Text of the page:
I have been enraged by what has been happening to teachers and public education for at least 7 years. My involvement began in 2007 with school grading and school closings in the Bronx, which drove the history projects I was doing out of the public schools, and victimized many of the great teachers I had worked with. It built up steam when Barack Obama and Arne Duncan unleashed Race to the Top which blamed teachers for the country’s education deficits and required that teachers be rated on the basis of student test scores
I started writing and speaking about what was happening and got a modest response from teachers and education activists around the country. I spoke at several rallies in Washington, helped found the Dump Duncan group on Facebook, participated in several unsuccessful demonstrations against school closings in NY and found my frustration building. I became a loose cannon, exploding in rage at dinner parties and family gatherings when anyone attacked teachers, losing many friends in the process. Everyone I thought I was a crazy man when I attacked what Michael Bloomberg was doing in NYC and Barack Obama was doing throughout the US was a deadly blow to Democracy and Free Speech as well as Public Education
Then came the great NY Test Revolt of the Spring of 2013. Parents up in arms about Common Core aligned tests, mostly in suburbs and rural area, began opting out their children in unprecedented numbers. I was invited to speak in several Long Island communities and in the process met some amazing parents and teachers who were as alarmed about what was happening in education policy as I was. One of these was a parent activist from Oklahoma named Priscilla Sanstead; another was a teacher and parent from Long Island named Marla Kilfoyle. Even though I only knew them from email and Facebook, I found them to be kindred spirits, funny, creative, feisty, ready to fight back against the Billionaire Privatizers and their supporters in both parties using social media as well as more traditional protest methods
Then one day, when Priscilla and I were comparing notes, we decided, as an experiment to create a Facebook group called“The Badass Teachers Association.” We had been working together on an innovative site called “ The Badass Parents Association” which had amassed a nice following in a few months and thought we might be able to attract a few hundred teachers who were as angry as we were about the testing and scripting and demonization of teachers in America’s public schools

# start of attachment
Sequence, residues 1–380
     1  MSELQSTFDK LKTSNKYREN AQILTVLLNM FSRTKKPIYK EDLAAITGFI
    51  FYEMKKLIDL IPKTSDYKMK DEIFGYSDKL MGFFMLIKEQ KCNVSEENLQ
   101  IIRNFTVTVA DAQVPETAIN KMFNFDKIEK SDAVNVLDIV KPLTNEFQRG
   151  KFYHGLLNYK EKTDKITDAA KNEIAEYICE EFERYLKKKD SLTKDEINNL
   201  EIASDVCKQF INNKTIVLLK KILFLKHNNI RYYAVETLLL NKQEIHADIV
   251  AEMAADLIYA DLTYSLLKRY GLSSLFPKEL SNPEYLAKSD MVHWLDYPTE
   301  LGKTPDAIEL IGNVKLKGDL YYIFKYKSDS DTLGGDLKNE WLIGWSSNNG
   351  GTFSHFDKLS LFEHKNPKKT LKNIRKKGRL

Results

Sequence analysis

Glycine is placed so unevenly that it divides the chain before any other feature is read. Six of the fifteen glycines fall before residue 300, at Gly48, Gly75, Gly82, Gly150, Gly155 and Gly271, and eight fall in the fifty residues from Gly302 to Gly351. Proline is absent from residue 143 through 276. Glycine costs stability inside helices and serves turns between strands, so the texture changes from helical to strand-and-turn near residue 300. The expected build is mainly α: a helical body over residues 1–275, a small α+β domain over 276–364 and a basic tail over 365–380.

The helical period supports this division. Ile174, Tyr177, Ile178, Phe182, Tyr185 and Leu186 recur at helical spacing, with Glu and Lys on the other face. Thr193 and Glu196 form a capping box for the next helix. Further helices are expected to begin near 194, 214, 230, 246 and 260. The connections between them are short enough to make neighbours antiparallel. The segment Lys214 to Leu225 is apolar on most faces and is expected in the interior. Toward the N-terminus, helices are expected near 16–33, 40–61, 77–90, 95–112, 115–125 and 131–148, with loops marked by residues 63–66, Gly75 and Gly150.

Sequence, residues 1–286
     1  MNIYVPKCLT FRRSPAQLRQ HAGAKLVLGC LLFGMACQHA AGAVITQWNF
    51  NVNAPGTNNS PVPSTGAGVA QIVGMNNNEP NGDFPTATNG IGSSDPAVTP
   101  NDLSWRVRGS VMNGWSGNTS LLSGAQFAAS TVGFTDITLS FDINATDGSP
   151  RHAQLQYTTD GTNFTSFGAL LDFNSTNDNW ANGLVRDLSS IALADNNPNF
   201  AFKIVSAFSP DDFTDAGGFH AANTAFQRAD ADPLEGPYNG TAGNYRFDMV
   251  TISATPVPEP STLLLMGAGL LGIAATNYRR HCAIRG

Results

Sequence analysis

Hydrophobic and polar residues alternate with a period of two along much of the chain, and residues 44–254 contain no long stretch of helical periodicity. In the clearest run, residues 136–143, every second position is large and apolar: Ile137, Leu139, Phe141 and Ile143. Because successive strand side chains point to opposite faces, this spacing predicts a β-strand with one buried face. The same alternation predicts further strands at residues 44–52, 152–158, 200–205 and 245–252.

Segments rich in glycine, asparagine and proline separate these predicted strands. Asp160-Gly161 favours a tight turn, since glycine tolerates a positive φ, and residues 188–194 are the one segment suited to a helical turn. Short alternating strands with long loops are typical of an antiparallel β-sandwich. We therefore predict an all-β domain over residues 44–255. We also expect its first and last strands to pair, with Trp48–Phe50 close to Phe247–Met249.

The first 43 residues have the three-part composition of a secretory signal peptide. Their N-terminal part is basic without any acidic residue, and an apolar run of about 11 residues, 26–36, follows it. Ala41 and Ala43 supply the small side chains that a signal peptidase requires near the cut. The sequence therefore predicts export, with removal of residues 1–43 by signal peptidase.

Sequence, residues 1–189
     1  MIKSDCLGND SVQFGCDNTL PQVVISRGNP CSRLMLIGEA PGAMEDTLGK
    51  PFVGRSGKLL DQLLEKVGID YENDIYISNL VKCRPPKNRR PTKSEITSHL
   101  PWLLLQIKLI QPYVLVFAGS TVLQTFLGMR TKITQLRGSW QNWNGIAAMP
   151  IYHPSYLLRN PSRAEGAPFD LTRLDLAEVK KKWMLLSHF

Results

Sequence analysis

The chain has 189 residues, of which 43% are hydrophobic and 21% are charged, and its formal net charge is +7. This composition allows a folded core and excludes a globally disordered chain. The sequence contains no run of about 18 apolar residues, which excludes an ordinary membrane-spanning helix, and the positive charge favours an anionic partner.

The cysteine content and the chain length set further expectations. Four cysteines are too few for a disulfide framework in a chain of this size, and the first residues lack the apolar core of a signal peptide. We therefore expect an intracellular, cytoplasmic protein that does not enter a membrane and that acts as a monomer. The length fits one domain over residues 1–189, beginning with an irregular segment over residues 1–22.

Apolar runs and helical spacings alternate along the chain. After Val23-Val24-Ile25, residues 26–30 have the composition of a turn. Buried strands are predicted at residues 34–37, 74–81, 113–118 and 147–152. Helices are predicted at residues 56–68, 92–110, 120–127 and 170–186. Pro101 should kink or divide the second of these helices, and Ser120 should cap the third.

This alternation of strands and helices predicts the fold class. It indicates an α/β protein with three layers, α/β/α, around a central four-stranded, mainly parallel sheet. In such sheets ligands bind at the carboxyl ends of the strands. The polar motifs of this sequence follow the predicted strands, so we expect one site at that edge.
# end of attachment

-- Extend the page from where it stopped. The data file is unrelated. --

What happened next took us totally by surprise and changed the course of American education history. Priscilla launched the page on June 14, 2013 at4:30 PM and we invited several people around the country we had worked with to join, one of whom was Marla. By Sunday night June 16, in part attracted by a recruiting contest Marla had started, we had nearly 2,000 people in the group. No one had ever seen anything like it. Teachers all over the US were pouring into a group with a name that you could not easily mention in polite company, that seemed- at least to some-impertinent and unprofessional, and that connoted total frustration with normal paths of protest for an aggrieved group.
I was utterly stunned by this phenomenon. I had never been part of any organization that had grown this fast, much less an organization that had been started with such low expectations. But when I thought about what was going on, I was deeply moved by what was happening. Clearly, I was not alone in my rage! All over the country, teachers were totally fed up with being the scapegoat for failed social policies and the punching bag for political leaders, media pundits and everyone trying to shape education policy. They were, like me, ready to be up front, in your face and outrageous, demanding that teachers have a place at the table or they would turn over the table!
What I felt that weekend is was relief,gratitude, and determination. I was no longer alone. I was part of an army of teachers ready to fight back even if their colleagues, friends, relatives and union leaders thought they were crazy. I decided, along with Priscilla and Marla, to put everything I had into this movement to build it, nurture it and help it grow, not only because the country needed it, but because we all needed it!
Every day since—and it is a year now-- has been filled with purpose, determination, but above all with LOVE. I have met so many great teachers and activists around the country through BATS whose courage and creativity and fighting spirit inspires me every day. And while my colleagues, relatives and what remain of my old friends still think I am crazy, they look at me with a new respect because I am part of a powerful national movement of teachers who will not lett heir voice be smothered and ignored.
BATS and the people in it have given me purpose, given me solidarity , and given me hope.
Together, we go forward toward a better day
Happy Birthday BATS!!!